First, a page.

Finally language comes....rough inspiration from Kimberli Gant's review in Art Lies of my recent exhibition at WATW. She writes, "Though Ogunji’s interweaving of ancestry and spiritualism is understated and effective, her art-historical appropriation could use some strengthening." True dat. This helped answer a question, or look at a question I've been asking myself since landing here in Abuja. Thinking about the Atlantic's place in my cosmology. Wondering how my metaphors will change, what shifts will happen in my imagination, in the world of my creativity.
What drew me to the Ife heads has something and nothing to do with art history. The power of artifacts, objects, (even people!) encased in museums has always been palpable and it is so ironic that we must come to know ourselves through artifacts. Can we? What draws me to the Ife heads is the sense of individuality in the people, not how these heads are evidence of a great civilization. That question doesn't interest me--if we are or are not, were or weren't great (that was never our question). I am interested in how these faces are portraits of individuals who navigated the world with all the vulnerabilities that I have, with all that makes us human. What is it that I want to know or need to know? That they loved as I do and had doubts and touched the earth and felt the sun against faces and couldn't get enough of the smell of rain against the dusty red roads.
The smallest gestures are so important, that is what I have been looking for, not the epic but the quiet, unseen, embodied. I realized there was nothing massive in what I longed for. A smell. Or sound.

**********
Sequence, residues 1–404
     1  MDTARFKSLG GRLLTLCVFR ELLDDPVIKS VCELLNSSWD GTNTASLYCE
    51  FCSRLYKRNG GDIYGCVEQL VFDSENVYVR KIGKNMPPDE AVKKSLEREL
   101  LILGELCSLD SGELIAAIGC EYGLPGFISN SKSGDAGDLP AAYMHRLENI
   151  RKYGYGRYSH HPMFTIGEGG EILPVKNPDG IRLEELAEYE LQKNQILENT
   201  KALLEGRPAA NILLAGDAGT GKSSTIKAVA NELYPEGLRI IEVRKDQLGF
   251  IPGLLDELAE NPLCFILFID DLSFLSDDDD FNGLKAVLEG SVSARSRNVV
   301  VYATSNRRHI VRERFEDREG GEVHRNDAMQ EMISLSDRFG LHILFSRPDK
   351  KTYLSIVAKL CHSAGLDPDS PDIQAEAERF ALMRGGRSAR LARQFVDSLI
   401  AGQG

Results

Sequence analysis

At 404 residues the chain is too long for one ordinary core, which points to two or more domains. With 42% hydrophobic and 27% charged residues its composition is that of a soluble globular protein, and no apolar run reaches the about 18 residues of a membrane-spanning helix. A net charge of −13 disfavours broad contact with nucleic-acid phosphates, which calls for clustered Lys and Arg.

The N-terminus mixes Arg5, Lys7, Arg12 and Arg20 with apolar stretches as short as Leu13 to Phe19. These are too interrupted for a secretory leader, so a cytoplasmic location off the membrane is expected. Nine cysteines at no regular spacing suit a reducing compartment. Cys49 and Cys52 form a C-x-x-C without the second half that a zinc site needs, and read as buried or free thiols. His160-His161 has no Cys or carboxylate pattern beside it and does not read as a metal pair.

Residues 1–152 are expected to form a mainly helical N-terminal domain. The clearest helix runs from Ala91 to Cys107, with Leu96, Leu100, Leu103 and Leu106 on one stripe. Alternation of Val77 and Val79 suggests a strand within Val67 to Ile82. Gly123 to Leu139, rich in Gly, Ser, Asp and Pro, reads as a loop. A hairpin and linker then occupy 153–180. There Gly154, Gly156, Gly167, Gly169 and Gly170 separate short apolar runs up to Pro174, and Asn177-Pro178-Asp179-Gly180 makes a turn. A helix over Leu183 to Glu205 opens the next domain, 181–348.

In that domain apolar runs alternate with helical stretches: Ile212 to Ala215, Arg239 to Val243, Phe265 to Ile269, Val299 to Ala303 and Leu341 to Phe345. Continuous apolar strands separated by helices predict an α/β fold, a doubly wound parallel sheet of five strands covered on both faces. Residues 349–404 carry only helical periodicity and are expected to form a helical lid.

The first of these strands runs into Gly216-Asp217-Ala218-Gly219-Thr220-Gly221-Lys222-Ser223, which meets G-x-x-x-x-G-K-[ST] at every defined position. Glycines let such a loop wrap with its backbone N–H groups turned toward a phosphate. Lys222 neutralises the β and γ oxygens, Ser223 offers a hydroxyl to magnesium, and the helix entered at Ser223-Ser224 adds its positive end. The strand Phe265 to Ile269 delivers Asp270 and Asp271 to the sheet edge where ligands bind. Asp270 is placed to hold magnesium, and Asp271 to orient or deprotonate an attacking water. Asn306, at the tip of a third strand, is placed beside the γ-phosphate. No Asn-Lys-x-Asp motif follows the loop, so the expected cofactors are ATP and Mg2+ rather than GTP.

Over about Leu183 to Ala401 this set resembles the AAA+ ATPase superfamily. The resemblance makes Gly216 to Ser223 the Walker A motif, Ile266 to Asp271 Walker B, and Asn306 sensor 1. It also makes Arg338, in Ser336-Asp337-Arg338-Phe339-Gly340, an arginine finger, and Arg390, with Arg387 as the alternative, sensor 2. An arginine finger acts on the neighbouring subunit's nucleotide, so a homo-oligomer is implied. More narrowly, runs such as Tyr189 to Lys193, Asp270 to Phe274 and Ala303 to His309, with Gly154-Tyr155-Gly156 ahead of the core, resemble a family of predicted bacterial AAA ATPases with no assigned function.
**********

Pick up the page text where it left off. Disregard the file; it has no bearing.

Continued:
The airport is a subtle combination of palm oil and dried fish I think. It smells like the African stores in the U.S. Familiar and specific. And emerging from the airport reminded me so much of the Dominican Republic, that sweet and smokey smell of burning trash but unending because of the Harmattan. I walked so certainly out of the baggage claim to find my cousin and waiting for her I felt so comfortable after having navigated the Santo Domingo airport so many times.
Though landing here felt strangely common, as if it had happened so many times before. It moved me, but in a slow way. My cousins love me as if they have always known me. Though people in the street call me oyinbo (white person in Yoruba; oyibo in Igbo) wherever I go, I don't feel like an outsider to this place, or even a stranger.
My cousin tells me on a daily basis how much I look like my father. And all my relatives have gaps in their teeth (i used to have one too).
I am enjoying a lovely moment of quiet as I write this, a moment without the sound of generators.
I think about something Stephen Hawking said when asked to name his hero. He said Galileo because he taught us the power of observation. It is a beautiful gift to always be able to observe, to compose with our eyes, to observe our own gestures and responses, to be present to our mistakes and awkwardness as well as voice, difference, commonalities. I love that all this is new and familiar.
Lights off again. That quiet is short-lived.